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Recap Week 1 of 2023 Build Season

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An Update

We’ve been slacking, and we apologize. We’re a rapidly changing team that is currently maxing out our bandwidth on the robot.

Design

Drivetrain

We settled on swerve rather quickly, on day 2 of build. We looked at the field and the only reason that we shouldn’t do swerve that we could find was the cable protector, which we don’t believe will be detrimental to it. Additionally with how cramped the line-up process is in the community, on top of the cramping in the human player station area, we settled on swerve, with the MK4i modules we already had on hand.

We evaluated the two module configs for the MK4i - standard and high-clearance. Due to the way we’re mounting the elevator above the chassis, we aren’t able to lift the modules up and out of the chassis, as the elevator prevents it. Because of this, we opted for the high-clearance config, which allows us to drop the modules out the bottom of the chassis without interference.

We wanted to go as small as possible without jeopardizing our center of gravity - 24" or 25" felt a bit too small due to a likely higher CG this year than last, and 26" square felt “just right.” This is also the maximum size you can be if you want to fit 3 robots on the bridge, but with swerve you can simply strafe your bumpers off the edge for the couple extra inches you’ll need to make sure robots aren’t accidentally pushing against each other while trying to balance.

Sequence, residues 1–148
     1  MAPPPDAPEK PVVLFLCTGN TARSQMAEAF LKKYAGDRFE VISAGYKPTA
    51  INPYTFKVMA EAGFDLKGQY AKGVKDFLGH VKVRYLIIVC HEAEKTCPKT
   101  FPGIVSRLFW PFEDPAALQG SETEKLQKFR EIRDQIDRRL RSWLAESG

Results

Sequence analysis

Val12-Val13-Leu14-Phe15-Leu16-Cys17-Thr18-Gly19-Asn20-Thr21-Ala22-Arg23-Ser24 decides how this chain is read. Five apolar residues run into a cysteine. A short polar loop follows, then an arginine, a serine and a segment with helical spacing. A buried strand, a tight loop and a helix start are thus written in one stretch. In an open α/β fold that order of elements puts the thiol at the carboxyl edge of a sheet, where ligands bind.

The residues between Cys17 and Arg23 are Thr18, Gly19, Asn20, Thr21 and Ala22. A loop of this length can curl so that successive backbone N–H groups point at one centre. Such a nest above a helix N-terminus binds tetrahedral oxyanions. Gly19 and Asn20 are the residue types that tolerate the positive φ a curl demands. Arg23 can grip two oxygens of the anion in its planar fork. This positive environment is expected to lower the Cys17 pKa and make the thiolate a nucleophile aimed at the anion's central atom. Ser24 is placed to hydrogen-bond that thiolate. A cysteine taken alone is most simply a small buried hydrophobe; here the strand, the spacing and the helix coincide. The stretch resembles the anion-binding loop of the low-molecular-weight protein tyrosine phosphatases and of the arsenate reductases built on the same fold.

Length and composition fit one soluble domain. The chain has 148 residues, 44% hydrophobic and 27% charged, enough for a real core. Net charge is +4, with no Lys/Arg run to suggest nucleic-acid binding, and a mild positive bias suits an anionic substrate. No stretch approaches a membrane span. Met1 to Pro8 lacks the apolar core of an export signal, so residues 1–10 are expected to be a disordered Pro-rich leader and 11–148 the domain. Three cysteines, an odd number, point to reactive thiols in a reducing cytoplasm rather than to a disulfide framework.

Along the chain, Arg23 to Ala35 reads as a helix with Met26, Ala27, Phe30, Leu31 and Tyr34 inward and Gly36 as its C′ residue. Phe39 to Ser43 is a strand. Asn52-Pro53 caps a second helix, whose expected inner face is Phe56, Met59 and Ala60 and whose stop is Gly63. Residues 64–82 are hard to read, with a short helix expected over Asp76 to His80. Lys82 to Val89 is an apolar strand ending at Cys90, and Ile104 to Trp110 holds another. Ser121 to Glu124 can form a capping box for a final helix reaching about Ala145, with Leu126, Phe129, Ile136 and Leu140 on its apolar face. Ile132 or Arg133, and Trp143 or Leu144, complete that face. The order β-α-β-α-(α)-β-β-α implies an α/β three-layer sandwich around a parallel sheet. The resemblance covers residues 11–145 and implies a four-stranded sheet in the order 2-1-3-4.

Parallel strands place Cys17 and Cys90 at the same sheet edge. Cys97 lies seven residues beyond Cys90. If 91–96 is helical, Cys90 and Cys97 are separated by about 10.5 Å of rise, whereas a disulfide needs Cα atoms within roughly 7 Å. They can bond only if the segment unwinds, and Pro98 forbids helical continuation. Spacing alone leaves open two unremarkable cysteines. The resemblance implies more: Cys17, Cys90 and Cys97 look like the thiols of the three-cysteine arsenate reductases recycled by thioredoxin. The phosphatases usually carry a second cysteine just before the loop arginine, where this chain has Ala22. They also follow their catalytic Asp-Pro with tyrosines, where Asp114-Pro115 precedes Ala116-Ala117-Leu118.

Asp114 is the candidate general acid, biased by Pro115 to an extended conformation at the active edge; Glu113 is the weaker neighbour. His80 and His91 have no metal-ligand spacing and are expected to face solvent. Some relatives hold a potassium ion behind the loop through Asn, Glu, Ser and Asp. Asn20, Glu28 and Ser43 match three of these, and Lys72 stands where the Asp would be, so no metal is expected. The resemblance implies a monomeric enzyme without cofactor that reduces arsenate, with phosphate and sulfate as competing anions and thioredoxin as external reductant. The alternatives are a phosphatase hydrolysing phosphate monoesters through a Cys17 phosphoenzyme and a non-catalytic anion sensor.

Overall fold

Pictured are a simple top guard (mostly to prevent grease from flying all over), a Spectrum Corner™, and some crush blocks to help us not crush the tube while we’re fastening the modules into place. These are all PLA+ parts. We’re running the L3 on NEOs.

The higher config does raise the belly pan, and thus the CG, though - we are already concerned about CG due to everything above the drivetrain, so we want to keep the CG as low as possible. Due to this and our sheet metal sponsor’s availability, we created the belly pot.

The belly pot rivets to the bottom of our drive rails, and lowers everything on it (battery, PDH, sparks, etc) by an additional 1.75 inches. This is currently a single piece of aluminum, but it’s not difficult to transform this into a 5-piece set of 4x aluminum brackets and 1x stainless steel belly pan if we need an even lower CG (and have the weight for it). Always have a backup plan.